So, in Chapter 11, Weaver presents her outline of grammar, calling it “rocks and mortar” and putting different grammatical forms as either rocks or as mortar. She considers adjectivals and adverbials to be the rocks or pebbles. The mortar is is transitions, prepositions, conjunctions, and pronouns that introduce adjective and noun clauses. Weaver says, “When people write, they choose grammatical connectors based on what they want to say and their assessment of the rhetorical situation: They make choices” (p. 198). She started off her book by saying that writers enrich and enhance their writing by making grammatical choices, choices of rocks and mortar.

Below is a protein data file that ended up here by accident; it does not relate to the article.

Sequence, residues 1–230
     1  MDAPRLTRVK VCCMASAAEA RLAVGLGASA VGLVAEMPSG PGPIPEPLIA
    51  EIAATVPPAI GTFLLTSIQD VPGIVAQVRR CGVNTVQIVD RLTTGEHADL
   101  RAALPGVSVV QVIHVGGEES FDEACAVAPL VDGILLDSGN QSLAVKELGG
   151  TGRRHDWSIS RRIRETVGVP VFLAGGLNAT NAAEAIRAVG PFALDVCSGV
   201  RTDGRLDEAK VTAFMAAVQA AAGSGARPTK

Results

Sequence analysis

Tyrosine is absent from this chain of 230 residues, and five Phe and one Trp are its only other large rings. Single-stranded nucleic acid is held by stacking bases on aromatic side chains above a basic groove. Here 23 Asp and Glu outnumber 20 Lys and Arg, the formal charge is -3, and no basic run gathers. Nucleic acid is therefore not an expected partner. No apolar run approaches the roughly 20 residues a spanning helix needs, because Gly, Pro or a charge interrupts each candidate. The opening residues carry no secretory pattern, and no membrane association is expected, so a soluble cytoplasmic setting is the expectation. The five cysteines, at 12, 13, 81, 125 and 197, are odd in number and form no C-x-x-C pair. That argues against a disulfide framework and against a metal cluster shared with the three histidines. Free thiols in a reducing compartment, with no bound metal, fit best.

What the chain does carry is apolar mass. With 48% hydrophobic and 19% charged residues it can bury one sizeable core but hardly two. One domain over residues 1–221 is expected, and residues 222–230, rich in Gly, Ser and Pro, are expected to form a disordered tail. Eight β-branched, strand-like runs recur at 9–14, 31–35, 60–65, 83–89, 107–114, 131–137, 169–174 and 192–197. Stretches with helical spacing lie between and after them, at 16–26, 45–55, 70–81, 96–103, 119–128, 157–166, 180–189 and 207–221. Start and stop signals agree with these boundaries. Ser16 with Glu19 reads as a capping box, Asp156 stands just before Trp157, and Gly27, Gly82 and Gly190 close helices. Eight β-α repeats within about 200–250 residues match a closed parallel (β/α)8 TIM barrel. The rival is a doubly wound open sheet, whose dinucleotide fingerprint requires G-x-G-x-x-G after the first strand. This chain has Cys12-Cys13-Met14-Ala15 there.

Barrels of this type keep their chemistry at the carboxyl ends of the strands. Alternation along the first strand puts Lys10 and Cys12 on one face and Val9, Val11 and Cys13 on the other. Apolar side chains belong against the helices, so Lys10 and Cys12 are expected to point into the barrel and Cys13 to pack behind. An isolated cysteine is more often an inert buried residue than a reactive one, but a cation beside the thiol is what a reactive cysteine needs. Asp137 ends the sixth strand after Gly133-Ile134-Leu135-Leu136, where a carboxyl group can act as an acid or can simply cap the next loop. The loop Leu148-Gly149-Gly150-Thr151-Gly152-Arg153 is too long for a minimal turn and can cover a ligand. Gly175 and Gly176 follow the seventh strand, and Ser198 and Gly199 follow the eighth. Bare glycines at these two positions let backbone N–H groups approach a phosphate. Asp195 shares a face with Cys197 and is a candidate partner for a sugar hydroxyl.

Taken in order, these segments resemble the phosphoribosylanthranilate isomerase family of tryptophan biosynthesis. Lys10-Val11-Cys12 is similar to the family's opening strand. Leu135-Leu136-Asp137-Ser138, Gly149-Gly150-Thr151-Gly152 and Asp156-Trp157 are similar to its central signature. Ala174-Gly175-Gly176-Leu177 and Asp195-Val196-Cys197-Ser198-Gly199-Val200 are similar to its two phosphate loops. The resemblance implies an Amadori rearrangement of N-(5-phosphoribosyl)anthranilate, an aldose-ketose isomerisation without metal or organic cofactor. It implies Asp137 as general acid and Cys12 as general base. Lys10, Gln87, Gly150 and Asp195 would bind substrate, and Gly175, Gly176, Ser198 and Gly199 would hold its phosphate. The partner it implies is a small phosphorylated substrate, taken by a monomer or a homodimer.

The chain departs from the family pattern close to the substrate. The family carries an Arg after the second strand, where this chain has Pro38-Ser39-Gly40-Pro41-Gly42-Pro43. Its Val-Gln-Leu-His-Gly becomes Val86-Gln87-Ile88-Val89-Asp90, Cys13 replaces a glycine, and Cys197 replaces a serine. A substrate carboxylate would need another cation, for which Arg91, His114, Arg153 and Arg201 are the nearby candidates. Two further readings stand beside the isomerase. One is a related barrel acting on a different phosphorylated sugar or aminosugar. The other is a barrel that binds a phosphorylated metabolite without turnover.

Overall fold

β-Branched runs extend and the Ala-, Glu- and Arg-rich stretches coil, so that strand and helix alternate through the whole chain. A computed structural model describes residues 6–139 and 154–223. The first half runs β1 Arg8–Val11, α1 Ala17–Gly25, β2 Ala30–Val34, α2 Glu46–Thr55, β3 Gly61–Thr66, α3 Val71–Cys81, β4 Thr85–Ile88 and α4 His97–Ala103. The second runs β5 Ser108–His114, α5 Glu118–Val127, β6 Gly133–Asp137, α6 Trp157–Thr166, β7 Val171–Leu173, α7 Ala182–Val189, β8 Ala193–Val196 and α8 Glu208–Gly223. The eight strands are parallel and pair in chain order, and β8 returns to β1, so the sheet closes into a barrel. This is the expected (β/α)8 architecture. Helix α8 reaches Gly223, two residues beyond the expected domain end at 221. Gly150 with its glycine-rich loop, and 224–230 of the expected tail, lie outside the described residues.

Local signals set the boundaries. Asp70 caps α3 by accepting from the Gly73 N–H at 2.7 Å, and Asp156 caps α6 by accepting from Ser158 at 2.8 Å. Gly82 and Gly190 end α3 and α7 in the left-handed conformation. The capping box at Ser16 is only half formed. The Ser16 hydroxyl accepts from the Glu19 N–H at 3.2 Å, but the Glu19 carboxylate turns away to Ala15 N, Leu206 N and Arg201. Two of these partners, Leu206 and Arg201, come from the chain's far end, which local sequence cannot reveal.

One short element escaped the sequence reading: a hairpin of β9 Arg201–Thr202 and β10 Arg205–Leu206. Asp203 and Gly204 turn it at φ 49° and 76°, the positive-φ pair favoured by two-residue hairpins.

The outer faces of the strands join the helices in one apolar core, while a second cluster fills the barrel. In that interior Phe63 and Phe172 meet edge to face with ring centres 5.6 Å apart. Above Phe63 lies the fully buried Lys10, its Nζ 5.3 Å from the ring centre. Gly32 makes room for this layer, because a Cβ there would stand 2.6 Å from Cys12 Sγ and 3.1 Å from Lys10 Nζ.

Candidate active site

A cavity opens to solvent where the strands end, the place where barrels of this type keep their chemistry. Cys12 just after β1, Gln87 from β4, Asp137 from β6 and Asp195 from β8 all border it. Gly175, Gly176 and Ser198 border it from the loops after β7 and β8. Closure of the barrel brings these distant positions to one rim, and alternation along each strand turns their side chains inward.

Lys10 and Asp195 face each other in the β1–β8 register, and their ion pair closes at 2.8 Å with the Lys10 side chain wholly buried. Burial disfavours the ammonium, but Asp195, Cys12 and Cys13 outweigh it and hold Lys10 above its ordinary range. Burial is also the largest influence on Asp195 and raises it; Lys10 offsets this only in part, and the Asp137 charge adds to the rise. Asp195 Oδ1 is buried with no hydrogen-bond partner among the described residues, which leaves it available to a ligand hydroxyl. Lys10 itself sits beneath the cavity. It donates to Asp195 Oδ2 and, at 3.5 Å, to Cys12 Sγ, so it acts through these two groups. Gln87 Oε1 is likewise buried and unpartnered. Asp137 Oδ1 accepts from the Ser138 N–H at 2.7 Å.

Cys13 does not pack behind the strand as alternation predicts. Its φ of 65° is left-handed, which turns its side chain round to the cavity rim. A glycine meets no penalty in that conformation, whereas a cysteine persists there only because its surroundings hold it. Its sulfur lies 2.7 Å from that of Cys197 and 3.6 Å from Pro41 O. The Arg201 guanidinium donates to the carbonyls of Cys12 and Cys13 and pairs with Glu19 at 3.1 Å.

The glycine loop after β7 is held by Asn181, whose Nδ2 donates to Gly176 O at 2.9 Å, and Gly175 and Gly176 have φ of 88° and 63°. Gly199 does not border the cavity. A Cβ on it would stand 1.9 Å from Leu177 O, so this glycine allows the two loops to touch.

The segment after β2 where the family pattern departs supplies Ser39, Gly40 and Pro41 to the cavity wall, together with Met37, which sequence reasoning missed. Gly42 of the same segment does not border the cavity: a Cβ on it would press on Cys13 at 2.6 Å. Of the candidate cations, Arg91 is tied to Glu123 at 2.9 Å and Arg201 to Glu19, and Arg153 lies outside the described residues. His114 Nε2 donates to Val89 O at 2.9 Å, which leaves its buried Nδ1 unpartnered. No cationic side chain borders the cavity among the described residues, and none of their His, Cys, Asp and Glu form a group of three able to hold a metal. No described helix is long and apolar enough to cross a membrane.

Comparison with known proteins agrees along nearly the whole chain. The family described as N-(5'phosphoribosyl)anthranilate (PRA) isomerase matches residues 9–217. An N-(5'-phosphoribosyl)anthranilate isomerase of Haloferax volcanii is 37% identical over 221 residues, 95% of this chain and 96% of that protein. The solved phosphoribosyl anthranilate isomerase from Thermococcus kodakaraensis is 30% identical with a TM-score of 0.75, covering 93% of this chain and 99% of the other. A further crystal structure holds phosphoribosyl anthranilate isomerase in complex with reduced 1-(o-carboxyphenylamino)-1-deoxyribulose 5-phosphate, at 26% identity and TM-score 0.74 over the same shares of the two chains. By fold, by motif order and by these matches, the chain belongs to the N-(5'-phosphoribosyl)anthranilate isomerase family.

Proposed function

At the start of chapter 12, Weaver once again presents the six traits of writing. Here, she labels them a bit differently: generate details, rich content, with grammatical constructions that elaborate ideas, but also transitions and other connectors that relate ideas, where the organization is clear and coherent, and also use of voice and style is appropriate to purpose, content, and audience, and lastly word choice. Later in ths chapter, she presents a numbered list of 5, with the first item as a 2-item list underneath. As a technical editor, Weaver’s many different ways of presenting the six traits of writing, often as lists of three, four, or five things, is quite frustrating to see inconsistent and loose writing about a key theme in this part of the book.